What is Lori Foroozandeh ’s writing process for sharing some of the most horrendous experiences imaginable: rape, starvation, beatings in an Iran concentration camp. Visit her blog to read her answers: http://lorissong.com/2014/02/16/blog-hop-tour/ and visit Amazon.com to learn more about her book: Lori’s Song
“The author Marta Merajver-Kurlat http://www.martamerajver.com.ar/marta/index.php/blogroll), author of Just Toss the Ashes and Living with Stress among others, invited me to participate in this blog hop tour and answer these four questions about my writing process.”
ALL ABOUT MY WRITING PROCEDURE
1) What am I working on?
I am writing a sequel to my first novel, Pieces of You, which will be set exclusively in the future; whereas, Pieces’ protagonist, Mark, time-traveled from past experiences to the near future to the beyond. The title of my new novel, Battle of Jericho 2035, gives ample detail about the plot. Using the example of how Joshua and his army won the battle of Jericho in a Biblical story, they did not knock the wars of the city down by force. They just marched around it (as commanded by God) and the walls fell flat on the seventh day, after the 13th march.
In my Battle novel, the masses of people on Earth are controlled by a world council of super rich led by the leadership of one bank, nicknamed CandyLand. The people’s rations have been cut to the level of near starvation due to a malfunctioning space elevator. CandyLand’s director has ties to an unscrupulous group, while insurgents among the people are linked to Mark and his team of supernatural beings. There is sacrificial love as in the first novel, but the actors are not the same and the decisions could affect millions, not just Mark’s loved ones.
2) How does my work differ from others of its genre?
It’s easier for me to offer similarities. I’d like to think my current work has some things in common with C.S. Lewis’ space trilogy, especially the first book, Out of the Silent Planet. As one of that book’s reviewers stated, “The most compelling points are the simple conclusions Lewis comes to about human nature and the corrupt world we live in.”
Science fiction is defined by readwritethink.org (a website that offers teaching resources) as “often about technology of the future detailing partially true theories of science. (If it bends to the unbelievable, it is labeled fantasy). The plot creates situations different from those of both the present day and the known past. Science fiction texts also include a human element, explaining what effect new discoveries, happenings and scientific developments will have on us in the future.” My story fits this criteria but injects social justice issues, typical of some but not all SciFi writers.
3) Why do I write what I do?
I’ve always loved science fiction best, maybe because it demands a creative flair, and maybe because it manifests possibilities within our impossible dreams.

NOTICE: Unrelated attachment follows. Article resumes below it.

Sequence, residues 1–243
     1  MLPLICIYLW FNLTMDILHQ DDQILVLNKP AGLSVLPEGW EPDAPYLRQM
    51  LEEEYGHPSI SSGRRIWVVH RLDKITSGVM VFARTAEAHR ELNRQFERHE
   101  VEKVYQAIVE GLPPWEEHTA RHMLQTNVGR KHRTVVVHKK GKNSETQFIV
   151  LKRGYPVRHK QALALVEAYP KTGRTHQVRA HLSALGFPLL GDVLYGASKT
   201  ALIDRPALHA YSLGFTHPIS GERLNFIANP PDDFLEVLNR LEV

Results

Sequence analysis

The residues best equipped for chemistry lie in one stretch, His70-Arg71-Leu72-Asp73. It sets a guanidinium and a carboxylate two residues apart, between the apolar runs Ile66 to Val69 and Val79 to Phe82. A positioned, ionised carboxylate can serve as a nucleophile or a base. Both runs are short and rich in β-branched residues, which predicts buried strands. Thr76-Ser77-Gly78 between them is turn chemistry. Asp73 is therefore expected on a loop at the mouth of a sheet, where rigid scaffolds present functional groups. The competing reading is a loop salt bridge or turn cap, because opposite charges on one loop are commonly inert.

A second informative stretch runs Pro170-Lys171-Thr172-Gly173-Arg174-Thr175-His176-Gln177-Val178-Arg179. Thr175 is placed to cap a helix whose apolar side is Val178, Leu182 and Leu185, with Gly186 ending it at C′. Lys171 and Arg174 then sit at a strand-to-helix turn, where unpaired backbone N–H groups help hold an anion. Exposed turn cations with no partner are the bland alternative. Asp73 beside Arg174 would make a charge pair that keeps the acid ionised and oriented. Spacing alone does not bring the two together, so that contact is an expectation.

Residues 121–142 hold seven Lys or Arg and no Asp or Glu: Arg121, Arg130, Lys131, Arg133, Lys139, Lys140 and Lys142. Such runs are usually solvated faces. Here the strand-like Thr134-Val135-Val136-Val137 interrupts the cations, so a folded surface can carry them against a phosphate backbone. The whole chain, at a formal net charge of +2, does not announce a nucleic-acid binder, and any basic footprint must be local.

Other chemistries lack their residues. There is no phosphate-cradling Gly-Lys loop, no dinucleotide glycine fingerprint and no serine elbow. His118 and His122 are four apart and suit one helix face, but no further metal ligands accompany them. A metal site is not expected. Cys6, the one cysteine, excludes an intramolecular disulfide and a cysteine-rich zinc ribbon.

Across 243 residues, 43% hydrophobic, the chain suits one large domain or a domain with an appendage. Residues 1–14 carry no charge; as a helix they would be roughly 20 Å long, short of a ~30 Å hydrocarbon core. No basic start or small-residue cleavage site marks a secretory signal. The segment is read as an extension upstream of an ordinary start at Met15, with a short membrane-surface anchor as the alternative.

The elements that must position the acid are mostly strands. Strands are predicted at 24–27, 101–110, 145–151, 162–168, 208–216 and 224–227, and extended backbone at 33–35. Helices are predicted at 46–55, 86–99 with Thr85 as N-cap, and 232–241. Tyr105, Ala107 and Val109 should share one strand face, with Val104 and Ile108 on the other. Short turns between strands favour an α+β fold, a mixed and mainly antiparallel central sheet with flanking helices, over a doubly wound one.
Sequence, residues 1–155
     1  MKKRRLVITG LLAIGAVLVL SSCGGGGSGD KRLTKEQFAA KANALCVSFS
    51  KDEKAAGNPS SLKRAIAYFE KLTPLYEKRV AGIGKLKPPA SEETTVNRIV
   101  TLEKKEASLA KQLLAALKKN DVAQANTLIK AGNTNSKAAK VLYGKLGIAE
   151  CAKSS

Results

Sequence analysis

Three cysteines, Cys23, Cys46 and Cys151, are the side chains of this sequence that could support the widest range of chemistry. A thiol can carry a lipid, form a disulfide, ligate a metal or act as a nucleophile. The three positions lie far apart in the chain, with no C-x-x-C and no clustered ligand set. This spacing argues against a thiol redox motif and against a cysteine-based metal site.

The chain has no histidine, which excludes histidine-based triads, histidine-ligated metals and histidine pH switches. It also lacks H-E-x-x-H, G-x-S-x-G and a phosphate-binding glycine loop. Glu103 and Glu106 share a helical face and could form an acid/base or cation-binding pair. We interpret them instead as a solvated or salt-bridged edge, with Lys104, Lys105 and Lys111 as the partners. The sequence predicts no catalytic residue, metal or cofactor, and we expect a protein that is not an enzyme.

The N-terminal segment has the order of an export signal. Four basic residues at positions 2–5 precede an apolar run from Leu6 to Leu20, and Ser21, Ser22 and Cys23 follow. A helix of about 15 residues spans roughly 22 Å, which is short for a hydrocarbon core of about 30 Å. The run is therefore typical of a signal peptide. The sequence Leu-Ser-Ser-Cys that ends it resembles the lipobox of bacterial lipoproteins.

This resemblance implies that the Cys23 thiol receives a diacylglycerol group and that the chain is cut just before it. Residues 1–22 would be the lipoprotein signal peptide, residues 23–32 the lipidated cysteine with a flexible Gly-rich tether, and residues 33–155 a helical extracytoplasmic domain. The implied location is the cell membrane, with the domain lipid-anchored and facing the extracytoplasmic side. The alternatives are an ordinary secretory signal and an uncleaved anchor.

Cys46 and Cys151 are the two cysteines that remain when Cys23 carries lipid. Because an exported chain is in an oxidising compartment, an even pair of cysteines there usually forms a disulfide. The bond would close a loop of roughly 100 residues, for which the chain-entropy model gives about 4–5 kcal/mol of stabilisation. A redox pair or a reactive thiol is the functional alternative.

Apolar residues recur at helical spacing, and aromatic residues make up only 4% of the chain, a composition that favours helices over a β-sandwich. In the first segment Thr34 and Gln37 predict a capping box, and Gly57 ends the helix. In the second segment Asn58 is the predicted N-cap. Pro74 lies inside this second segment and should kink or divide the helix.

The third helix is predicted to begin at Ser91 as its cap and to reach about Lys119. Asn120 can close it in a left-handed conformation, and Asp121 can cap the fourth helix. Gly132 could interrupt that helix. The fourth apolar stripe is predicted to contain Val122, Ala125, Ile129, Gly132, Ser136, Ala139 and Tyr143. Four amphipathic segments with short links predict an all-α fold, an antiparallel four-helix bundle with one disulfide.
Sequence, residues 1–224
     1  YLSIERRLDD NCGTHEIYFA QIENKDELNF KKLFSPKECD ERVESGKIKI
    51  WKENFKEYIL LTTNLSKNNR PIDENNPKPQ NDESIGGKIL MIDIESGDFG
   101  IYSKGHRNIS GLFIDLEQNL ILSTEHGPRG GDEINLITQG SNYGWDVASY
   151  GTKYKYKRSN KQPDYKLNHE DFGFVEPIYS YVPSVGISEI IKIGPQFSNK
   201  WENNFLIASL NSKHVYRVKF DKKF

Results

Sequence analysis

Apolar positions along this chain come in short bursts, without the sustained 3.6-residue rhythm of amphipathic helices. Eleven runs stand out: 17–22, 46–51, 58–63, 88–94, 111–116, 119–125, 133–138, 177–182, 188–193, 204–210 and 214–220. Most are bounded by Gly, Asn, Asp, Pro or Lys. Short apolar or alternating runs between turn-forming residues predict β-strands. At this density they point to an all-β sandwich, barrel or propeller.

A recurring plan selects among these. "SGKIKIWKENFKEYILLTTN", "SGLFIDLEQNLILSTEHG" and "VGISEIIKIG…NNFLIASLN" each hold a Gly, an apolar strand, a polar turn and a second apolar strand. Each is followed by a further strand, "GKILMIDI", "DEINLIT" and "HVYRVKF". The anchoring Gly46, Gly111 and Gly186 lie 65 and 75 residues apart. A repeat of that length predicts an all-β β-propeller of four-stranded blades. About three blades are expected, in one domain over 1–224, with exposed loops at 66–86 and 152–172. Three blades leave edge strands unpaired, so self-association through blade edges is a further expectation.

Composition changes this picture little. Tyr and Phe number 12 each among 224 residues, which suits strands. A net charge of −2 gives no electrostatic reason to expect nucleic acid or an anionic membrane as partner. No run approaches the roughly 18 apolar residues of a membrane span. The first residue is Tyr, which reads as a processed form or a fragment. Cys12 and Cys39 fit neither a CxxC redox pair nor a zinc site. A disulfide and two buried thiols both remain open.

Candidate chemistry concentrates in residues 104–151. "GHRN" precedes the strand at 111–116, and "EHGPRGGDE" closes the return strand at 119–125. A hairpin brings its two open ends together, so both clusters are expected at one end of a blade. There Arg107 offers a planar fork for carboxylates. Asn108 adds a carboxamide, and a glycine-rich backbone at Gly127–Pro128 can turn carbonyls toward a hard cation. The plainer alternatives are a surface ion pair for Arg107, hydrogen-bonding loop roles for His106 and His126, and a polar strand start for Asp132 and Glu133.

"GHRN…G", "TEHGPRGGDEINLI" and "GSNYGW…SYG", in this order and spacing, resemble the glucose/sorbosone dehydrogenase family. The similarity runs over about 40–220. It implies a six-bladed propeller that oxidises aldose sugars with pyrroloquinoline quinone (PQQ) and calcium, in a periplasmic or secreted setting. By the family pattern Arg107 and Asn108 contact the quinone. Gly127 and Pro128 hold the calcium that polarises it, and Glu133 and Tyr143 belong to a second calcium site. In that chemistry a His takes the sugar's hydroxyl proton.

I do believe it’s possible to write into being a different world, at least from the perspective that we can envision what it will look and act like. My hope is that my narratives will inspire readers to join with other dreamers and together become the architects of at least the foundations of this new world.
Although I can’t explain why, I don’t believe I could ever write strictly to entertain. And although nonfiction—especially business and academic writing—has been my domain for most of my life, those genres aren’t appropriate for my current writing goals. People read non-fiction to learn more of what interests them, not to have their beliefs and prejudices disturbed. While reading fiction, we absorb new information but in a more subtle and very effective way, by imagining ourselves there.
4) How does your writing process work?
Not very effectively! Many of my colleagues have formulas that others applaud and often try to replicate. You won’t get that from me… I’m still working on “finding my voice,” on finding that place within myself where confidence, creativity, and competence merge.
I don’t write regularly, in fact I seem to subconsciously (or deliberately) restrain the urge to write. Some of that is my fear of failure—while acknowledging that not trying is a certain path to failure. The rest I chalk up to perfectionism. A former communications professor said something that has stayed with me all these years. It succinctly describes the problem with perfectionism: “you cannot be a participant and observer, too.” Too often I choose the observer role and then wonder why I can’t loosen control over my thinking to let in the light (of insight).
I’m still searching for that precious place about which a Zen master told Natalie Goldberg, author of Writing Down the Bones: “If you go deep enough in writing, it will take you everyplace.” So instead of telling you how my writing process works, I will state unequivocally how I know my writing process should (maybe will?) work—actually it’s taken from Natalie—“..and though death is howling at our backs and life is roaring at our faces, we can just begin to write, simply begin to write what we have to say.”